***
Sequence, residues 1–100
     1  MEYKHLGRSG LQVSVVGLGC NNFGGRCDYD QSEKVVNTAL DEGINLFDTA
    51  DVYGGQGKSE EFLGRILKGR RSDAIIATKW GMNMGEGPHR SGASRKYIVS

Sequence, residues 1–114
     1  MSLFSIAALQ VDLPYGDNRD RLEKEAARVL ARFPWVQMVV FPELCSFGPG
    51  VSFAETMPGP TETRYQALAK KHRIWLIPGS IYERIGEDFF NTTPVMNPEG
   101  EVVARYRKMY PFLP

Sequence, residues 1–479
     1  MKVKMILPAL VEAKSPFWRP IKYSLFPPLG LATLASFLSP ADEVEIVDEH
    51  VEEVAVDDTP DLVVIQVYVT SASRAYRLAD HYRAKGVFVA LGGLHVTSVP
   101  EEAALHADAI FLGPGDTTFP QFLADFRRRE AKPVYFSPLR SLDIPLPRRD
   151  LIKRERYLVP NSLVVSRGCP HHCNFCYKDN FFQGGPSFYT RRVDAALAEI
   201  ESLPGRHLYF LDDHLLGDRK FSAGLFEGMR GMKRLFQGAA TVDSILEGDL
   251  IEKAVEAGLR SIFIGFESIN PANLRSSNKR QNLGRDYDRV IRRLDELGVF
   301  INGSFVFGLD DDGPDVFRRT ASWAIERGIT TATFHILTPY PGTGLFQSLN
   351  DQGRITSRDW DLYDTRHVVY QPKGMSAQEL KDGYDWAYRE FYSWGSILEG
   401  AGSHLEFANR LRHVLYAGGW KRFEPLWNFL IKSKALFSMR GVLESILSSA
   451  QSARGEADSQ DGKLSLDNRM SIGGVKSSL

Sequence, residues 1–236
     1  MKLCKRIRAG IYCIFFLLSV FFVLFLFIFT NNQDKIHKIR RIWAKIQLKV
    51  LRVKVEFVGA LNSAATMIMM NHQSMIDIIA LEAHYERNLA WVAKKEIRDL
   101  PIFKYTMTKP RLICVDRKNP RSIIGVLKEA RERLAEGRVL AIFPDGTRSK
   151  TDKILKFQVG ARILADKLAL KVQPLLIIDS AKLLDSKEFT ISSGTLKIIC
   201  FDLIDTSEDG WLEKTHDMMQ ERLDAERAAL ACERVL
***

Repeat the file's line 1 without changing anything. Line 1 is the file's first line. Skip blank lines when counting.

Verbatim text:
Sequence, residues 1–100